And parents warned they may take physical action if the council and Vodafone do not listen.
Mum Michelle Kirby said: "The council can revoke this decision and morally it would be the absolutely right thing to do.
"However, I’m not sure the council would do that, so we may have to organise a demonstration."
Fellow mum-of-two Tracey Knight added: "The planners didn’t do their job properly. If they had, we wouldn’t be talking about this."
Vodafone won approval due to a loophole after planners failed to notify the applicant the plan had been rejected within the required 56-day period.
Cllr Jamie Macrae said: "We’ve been exploring alternative locations but the company say none of the other sites will give the necessary coverage for the locality. The council is very disappointed Vodafone has reached this conclusion and will continue to do everything possible to find a more acceptable location."
© 2011 Trinity Mirror North West and North Wales Ltd
Campaigners in Nantwich fighting phone giant Vodafone are being urged to bombard Cheshire East Council and the Local Government Ombudsman in a bid to stop a mobile mast being erected yards from a primary school.
Parents met with local MP Edward Timpson and local councillor Andrew Martin at Pear Tree Primary School to discuss the next stage of their fight.
Vodafone has vowed to press ahead with plans to erect the 14-metre mast close to the Stapeley school, after a council blunder granted them deemed planning approval despite councillors rejecting the original proposal.
Mr Timpson told the meeting yesterday (January 17) that there was a clear ”failure of the council to deal with the issue appropriately.”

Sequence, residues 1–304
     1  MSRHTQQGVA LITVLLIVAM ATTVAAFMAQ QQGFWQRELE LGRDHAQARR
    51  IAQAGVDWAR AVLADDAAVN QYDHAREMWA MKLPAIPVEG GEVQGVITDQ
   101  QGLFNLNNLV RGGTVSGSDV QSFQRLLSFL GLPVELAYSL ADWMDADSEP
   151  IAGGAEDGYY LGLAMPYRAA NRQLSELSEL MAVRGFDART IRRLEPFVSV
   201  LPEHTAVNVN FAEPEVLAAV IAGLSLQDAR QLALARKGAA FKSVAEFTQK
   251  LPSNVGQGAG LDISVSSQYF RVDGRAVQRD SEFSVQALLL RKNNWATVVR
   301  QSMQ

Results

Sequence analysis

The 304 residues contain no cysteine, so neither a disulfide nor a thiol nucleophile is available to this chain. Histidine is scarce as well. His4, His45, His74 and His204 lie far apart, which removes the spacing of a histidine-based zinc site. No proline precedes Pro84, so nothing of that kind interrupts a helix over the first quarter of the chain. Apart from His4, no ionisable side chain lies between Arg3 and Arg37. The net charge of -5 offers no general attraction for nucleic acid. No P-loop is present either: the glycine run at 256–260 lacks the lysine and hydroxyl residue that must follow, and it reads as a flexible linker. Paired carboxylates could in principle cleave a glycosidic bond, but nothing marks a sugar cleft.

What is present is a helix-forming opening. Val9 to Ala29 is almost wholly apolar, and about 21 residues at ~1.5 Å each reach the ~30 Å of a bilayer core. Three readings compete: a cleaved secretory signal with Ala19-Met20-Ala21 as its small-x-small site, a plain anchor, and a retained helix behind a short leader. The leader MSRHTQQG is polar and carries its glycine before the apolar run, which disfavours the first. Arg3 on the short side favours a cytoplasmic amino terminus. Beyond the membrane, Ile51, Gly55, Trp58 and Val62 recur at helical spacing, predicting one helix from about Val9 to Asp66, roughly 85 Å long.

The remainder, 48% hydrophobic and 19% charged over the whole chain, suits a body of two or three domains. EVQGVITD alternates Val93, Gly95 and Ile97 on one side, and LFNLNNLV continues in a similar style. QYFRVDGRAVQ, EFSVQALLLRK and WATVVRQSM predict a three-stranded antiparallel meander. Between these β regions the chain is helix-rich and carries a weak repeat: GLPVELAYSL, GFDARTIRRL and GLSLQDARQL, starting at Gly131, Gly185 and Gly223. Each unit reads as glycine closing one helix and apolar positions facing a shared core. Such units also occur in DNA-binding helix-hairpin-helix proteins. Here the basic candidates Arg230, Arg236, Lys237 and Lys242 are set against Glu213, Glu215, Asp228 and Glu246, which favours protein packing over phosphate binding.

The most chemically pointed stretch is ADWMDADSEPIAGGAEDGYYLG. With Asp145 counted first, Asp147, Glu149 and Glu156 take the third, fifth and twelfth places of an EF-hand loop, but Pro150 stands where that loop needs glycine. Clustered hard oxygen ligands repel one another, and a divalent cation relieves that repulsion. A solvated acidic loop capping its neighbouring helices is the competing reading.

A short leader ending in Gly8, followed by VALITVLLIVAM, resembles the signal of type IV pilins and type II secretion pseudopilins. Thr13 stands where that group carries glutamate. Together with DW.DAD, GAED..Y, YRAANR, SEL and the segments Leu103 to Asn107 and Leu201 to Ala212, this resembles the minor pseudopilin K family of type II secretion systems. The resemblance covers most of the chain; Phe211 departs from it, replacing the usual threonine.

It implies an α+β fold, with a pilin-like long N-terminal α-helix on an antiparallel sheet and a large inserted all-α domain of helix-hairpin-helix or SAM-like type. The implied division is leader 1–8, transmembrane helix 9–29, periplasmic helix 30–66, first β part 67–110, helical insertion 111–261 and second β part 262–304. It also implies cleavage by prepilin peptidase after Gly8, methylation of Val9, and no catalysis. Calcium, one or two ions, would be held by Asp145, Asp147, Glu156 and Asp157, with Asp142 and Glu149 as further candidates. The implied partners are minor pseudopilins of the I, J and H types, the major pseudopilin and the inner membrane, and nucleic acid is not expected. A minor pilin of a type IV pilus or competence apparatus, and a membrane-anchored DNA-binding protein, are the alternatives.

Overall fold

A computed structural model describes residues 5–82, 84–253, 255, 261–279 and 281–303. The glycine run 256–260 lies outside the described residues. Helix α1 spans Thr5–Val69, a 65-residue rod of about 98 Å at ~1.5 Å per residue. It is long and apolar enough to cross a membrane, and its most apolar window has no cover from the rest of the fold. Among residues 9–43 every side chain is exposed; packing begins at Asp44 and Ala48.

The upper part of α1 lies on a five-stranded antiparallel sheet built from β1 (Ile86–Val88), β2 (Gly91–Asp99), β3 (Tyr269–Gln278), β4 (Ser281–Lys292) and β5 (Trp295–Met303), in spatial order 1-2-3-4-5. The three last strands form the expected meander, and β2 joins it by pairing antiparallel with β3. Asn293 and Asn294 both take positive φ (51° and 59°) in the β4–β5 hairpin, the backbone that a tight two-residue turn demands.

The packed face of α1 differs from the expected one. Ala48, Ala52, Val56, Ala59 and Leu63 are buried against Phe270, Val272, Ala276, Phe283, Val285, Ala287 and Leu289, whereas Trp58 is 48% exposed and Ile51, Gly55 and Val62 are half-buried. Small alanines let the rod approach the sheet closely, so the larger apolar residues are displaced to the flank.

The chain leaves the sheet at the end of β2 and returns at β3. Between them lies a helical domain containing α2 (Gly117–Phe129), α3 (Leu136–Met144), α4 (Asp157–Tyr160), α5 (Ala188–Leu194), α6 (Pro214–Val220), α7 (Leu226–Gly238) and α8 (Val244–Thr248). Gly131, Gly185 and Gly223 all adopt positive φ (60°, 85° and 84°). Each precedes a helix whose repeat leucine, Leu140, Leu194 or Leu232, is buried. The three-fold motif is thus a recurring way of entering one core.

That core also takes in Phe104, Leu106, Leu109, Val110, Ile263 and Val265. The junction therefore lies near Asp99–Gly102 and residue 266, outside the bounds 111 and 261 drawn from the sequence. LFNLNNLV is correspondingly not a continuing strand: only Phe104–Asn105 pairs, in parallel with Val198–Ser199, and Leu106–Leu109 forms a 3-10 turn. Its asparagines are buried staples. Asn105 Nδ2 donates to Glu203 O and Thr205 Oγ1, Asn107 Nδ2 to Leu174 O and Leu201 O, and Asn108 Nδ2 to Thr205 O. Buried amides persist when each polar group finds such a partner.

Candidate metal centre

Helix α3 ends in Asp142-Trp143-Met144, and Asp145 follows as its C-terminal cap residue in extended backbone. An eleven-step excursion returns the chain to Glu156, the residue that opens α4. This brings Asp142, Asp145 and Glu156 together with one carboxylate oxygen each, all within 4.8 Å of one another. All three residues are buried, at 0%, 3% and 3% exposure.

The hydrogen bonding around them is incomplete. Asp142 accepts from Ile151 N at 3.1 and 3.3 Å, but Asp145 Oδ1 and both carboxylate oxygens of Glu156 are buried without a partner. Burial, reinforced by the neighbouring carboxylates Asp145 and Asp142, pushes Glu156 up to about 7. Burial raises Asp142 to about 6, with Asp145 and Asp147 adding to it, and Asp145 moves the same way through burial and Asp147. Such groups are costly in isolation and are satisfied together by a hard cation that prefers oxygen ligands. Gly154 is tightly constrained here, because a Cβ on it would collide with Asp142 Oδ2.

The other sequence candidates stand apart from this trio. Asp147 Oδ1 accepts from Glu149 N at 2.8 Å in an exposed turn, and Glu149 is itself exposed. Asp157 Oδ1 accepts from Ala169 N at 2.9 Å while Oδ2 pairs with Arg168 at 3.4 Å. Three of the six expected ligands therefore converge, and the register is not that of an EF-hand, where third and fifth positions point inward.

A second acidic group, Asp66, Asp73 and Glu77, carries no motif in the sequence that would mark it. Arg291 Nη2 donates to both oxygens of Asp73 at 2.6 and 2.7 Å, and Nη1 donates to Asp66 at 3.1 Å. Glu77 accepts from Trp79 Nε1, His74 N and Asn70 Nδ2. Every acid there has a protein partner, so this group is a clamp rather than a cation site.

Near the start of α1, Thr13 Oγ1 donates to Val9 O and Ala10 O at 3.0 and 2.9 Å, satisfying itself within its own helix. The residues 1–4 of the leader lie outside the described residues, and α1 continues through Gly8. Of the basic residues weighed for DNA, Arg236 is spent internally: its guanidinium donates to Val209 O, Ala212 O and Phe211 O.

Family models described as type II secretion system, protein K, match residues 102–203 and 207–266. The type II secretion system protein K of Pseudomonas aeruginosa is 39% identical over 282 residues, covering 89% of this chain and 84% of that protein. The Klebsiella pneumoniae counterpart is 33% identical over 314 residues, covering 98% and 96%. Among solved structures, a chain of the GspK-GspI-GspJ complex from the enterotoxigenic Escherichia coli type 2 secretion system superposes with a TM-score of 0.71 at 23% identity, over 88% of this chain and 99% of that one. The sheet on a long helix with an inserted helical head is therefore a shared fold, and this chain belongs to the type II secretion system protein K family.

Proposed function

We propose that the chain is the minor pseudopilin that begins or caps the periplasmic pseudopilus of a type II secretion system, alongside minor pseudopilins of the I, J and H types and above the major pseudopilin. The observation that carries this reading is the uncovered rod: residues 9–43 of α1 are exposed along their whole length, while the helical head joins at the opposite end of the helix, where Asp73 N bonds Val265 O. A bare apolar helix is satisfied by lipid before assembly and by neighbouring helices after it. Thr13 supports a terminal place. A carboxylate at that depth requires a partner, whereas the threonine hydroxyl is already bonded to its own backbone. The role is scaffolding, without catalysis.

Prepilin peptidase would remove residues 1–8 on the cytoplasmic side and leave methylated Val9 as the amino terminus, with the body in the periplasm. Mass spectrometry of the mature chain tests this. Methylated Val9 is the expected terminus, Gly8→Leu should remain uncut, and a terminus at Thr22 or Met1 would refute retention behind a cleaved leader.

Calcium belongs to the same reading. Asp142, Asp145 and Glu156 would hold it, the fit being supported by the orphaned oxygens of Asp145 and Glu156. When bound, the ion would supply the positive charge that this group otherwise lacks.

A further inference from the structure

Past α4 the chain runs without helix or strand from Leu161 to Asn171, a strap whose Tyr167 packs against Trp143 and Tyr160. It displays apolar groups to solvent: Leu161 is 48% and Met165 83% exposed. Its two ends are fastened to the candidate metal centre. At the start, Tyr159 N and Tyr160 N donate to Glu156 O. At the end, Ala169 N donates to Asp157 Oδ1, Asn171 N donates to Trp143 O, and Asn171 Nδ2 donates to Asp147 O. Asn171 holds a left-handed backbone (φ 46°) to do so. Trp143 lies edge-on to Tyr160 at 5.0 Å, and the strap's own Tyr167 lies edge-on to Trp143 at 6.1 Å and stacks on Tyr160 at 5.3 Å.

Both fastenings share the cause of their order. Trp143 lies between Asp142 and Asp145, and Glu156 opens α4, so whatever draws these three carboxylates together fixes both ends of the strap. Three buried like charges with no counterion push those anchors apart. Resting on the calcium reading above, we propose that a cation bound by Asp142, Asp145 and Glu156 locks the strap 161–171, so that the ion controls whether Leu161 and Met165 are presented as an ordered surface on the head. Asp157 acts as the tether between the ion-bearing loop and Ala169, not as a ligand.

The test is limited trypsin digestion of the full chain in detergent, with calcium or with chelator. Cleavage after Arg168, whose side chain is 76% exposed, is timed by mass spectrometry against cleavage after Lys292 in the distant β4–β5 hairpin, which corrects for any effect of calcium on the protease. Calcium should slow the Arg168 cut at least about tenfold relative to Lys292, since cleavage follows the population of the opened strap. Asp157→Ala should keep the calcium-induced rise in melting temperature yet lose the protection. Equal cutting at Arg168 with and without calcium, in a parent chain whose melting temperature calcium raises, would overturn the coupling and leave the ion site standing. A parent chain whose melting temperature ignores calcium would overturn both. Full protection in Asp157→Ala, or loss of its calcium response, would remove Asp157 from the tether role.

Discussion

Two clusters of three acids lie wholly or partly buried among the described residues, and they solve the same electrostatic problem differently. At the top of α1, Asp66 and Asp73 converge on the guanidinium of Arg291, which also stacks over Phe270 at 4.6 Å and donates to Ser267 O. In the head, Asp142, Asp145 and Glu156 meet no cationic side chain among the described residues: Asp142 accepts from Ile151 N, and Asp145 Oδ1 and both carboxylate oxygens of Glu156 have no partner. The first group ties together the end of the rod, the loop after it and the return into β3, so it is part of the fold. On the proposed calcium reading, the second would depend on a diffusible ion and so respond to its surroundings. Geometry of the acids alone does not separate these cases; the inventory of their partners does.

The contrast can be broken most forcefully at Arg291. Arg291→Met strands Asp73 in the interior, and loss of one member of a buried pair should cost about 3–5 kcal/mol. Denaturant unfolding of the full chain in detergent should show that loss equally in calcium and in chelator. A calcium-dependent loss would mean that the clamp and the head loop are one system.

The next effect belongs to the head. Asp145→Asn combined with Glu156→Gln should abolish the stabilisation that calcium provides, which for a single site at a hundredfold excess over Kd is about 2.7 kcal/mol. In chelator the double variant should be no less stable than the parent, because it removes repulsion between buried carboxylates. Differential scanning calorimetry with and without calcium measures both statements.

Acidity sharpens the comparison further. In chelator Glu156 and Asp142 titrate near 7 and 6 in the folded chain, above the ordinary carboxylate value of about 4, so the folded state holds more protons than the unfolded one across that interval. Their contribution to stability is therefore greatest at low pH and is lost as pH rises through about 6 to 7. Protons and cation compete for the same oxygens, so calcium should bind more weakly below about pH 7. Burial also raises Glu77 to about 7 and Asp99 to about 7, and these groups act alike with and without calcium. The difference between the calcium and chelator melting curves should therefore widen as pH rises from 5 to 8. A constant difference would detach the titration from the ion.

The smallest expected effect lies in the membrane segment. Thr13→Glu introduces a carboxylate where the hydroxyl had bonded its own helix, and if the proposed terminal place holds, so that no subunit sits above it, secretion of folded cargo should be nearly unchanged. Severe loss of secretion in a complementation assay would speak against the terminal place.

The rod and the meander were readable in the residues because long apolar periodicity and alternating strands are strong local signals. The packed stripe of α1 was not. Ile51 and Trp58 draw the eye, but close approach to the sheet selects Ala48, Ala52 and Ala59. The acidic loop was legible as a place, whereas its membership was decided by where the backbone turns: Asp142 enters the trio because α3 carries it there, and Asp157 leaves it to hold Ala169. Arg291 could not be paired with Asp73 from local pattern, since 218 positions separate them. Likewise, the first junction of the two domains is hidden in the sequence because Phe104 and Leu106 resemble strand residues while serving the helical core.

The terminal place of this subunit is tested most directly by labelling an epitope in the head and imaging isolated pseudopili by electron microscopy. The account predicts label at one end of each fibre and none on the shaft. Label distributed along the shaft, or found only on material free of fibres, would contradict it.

Campaigner and Stapeley resident Steve Holland admitted they were now “between a rock and a hard place” because of the deemed approval.
He said the campaign group had submitted 12 alternative sites for Vodafone to erect their mast, but that these were all rejected “even though some offered better coverage.”
The key course of action is to call on Cheshire East Council to repair its “administrative error” by revoking the original decision via the Secretary of State.
Cllr Martin also urged as many people as possible to contact the council’s planning department in writing, although speakers admitted it would be highly unusual for the council to follow that course of action.
Residents are also urged to write individually to the Ombudsman to complain about the council’s handling of the application. Mr Holland has already written in.
Mr Timpson vowed to contact Vodafone again and urge their representatives to attend a public meeting, and said he will continue to raise the issue in London.
Government guidelines say mobile phone masts should not be erected within 250 metres of school grounds, but phone companies argue there is no firm evidence that they damage health.
No one from Cheshire East Council or Vodafone was present at the meeting.
© 2011 Nantwichnews
MP Edward Timpson at Crewe Mailcentre
Nantwich residents will get Sunday mail deliveries in a bid to clear the huge backlog of post across Cheshire.
Thousands of people have suffered because of the delays in the postal service following the closure of the Crewe delivery office last year and the transfer of operations to Warrington.
Royal Mail has admitted the problems are down to “changes to local operations” which has led to stinging criticism from local MP Edward Timpson among others.
Steve Leach, Royal Mail’s North West regional operations director, told The Sentinel: “I would like to apologise to customers who have experienced delays in some mail deliveries. Management and staff are working hard to improve deliveries in the area.
“Special measures are being implemented including using 25 volunteer managers to help sort mail for delivery and making additional deliveries on Sundays.
“We apologise again and wish to assure our customers these issues will be addressed as soon as possible.”